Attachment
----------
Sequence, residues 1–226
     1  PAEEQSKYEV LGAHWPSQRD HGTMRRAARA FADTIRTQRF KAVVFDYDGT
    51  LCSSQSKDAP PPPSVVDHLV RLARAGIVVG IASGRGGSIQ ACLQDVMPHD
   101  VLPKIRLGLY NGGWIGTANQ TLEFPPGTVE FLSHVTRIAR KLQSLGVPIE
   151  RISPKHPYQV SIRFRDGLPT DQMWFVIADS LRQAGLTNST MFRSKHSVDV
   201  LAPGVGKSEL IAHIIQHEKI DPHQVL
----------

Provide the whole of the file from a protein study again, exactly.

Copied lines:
Sequence, residues 1–226
     1  PAEEQSKYEV LGAHWPSQRD HGTMRRAARA FADTIRTQRF KAVVFDYDGT
    51  LCSSQSKDAP PPPSVVDHLV RLARAGIVVG IASGRGGSIQ ACLQDVMPHD
   101  VLPKIRLGLY NGGWIGTANQ TLEFPPGTVE FLSHVTRIAR KLQSLGVPIE
   151  RISPKHPYQV SIRFRDGLPT DQMWFVIADS LRQAGLTNST MFRSKHSVDV
   201  LAPGVGKSEL IAHIIQHEKI DPHQVL